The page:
At CCV, we like to keep our finger on the pulse of public transport innovation, especially when it comes to payments. Our articles and eBooks about public transport have talked about Mobility-as-a-Service (MaaS), and we’ve already spoken to James Timperley about the challenges and opportunities of open-loop payments — with specific reference to TfL’s contactless ticketing system.
In this interview, we’re lucky to speak to a man who helped introduce a Dutch national treasure: the OV-chipkaart. Amazingly, he recently started working on a program which will bring about the demise of his own creation — the project to get EMV payments up and running on Dutch public transport.
Ap Bijl is the Programme Manager at OV-betalen — an initiative by Coöperatie Openbaar Vervoerbedrijven. He is a passionate IT expert, with a hands-on approach to technical innovation. Having joined the programme in mid-2019, Ap is now tasked with navigating the technicalities of making open-loop payments a reality. In this article, we’ll learn why — and how.
Background: Ap and the OV-chipkaart
The OV-chipkaart is a product that every Dutch resident knows about. The scheme allows travellers to top-up their account and travel on bus, train, tram, or bicycle (“OV bike”) anywhere in the country. It’s one convenient card for multiple modes of transport.
The OV-chipkaart achieved full nationwide coverage by 2011, and has been a constant presence in Dutch wallets and purses for many years. Since the first customer activity on the system in 2005, there have been more than 20 billion transactions. Last year, there were 2.7 billion OV-chipkaart transactions — more than the total number of contactless bank card transactions in the Netherlands.
Ap was an integral part of the OV Chipkaart team from the start.
I have a rich IT background, and started working in e-ticketing for public transport back in 2004 for GVB in Amsterdam. Soon I joined up with Translink,responsible for transaction processing for all carriers in the Netherlands, and that was the year we started developing the OV-chipkaart. I worked on the OV-chipkaart for a total of about five years, and by the time I left the organisation, it was well-established in the Netherlands.
After a four-year stint as at G4S where he became IT Director, Ap joined the Noord/Zuidlijn in Amsterdam as ICT Contract Manager. In June 2019, he took on the role as Programme Manager for OV -betalen. But what is the overarching mission of the OV-betalen programme?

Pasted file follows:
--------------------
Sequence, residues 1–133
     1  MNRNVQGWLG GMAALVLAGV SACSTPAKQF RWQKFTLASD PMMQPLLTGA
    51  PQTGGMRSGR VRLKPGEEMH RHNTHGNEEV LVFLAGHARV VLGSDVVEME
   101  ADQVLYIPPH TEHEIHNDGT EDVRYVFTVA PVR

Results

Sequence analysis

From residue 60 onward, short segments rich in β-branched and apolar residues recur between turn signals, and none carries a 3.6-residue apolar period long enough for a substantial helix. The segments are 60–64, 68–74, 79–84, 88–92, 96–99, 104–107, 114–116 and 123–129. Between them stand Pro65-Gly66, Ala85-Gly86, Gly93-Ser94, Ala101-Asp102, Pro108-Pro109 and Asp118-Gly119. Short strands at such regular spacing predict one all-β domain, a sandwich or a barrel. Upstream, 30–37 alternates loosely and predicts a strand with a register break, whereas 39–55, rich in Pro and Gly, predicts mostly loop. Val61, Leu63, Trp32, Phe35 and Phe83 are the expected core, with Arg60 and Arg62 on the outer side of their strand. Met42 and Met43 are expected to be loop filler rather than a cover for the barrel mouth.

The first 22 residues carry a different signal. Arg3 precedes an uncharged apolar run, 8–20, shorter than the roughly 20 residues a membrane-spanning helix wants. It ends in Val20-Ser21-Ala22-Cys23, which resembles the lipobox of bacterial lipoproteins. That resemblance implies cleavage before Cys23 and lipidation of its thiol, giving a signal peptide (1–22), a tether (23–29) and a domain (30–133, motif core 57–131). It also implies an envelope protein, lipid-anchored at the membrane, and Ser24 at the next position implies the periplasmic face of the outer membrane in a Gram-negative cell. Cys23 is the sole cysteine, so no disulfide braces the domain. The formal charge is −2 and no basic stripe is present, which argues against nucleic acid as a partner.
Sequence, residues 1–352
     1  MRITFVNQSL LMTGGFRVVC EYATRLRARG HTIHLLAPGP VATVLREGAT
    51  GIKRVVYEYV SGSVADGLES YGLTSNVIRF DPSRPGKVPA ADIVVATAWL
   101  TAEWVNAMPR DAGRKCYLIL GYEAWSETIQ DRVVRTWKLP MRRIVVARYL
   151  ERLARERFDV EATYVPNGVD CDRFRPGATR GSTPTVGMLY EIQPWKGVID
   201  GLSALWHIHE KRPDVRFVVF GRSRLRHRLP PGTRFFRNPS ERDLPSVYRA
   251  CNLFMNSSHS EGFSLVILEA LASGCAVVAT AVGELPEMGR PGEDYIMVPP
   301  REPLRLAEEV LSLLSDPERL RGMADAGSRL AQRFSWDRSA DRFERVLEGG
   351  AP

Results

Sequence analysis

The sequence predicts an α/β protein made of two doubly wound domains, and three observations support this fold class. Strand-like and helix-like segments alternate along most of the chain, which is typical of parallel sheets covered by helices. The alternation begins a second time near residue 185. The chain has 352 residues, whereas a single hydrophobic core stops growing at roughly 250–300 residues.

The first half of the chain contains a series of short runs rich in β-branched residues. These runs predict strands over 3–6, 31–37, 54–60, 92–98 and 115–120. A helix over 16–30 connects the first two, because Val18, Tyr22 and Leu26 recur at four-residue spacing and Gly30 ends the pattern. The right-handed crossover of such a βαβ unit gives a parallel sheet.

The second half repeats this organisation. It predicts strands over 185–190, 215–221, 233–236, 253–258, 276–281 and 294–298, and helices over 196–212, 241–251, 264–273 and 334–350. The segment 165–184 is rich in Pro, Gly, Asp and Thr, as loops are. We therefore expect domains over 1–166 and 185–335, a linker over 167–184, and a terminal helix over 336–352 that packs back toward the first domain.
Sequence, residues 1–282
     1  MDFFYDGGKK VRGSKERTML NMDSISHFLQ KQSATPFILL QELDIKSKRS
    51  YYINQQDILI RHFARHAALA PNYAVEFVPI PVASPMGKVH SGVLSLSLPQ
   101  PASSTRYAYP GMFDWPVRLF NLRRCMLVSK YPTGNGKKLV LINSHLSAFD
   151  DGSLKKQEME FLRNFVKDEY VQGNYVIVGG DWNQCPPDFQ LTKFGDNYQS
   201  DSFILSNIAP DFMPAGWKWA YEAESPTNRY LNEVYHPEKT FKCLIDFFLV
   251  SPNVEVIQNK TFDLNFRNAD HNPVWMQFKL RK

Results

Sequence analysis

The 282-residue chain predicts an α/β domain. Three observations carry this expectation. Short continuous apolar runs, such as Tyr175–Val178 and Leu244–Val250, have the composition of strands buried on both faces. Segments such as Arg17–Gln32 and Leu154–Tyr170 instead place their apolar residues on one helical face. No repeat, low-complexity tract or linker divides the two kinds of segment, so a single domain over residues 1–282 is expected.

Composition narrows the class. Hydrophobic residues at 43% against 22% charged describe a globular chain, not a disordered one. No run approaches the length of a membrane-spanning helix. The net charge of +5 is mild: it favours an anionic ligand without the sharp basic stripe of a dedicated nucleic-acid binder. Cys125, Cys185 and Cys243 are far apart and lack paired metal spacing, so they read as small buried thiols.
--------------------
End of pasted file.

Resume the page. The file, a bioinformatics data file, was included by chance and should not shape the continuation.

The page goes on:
The mission is to reduce barriers in public transport and increase the travel and payment convenience by opening up Dutch public transport to various payment methods (next to a new account based “closed loop” OV-chipkaart) that will enable travellers to use smartphones, EMVC (contactless NFC) bank cards and QR codes.
The programme aims to have all of the technology ready for public transport operators in 2021, with the full migration due to be completed in 2023. After this point, the OV-chipkaart product will no longer be supported by back-office infrastructure.
Cooperation and collaboration
The Coöperatie Openbaar Vervoerbedrijven is a shared initiative involving the major Dutch public transport operators, including Arriva, Connexxion, EBS, GVB, HTM, Keolis, NS, Qbuzz and RET. It is a well-known fact that a barrier to payment innovations in other countries has been the lack of collaboration, so what makes this work possible in the Netherlands?
Ap attributes this success to the “Polder model” — a consensus-based approach which has its origins in the Middle Ages, when Dutch communities worked together to maintain dykes and water pumps. It was more recently adopted for rebuilding the country after World War II and has shaped social and economic policy ever since, due to the constant authority of a coalition government in the Netherlands.
Put simply, Dutch culture is set up to embrace collaboration and collective action. This is why Ap and his fellow programme director Bas van Weele believe disparate stakeholders are able to come together with a bigger vision in mind.
What I see is a tremendous will to work together. There is an energy to find the solution, which I believe is unique in the world. I’ve spoken to operators in many different countries over the past 15 years who want to start the same journey, but they simply can’t achieve our level of organisation. We succeeded in bringing together stakeholders for the OV- chipkaart programme, and now this is a firm basis for a nationwide rollout of EMV ticketing in public transport.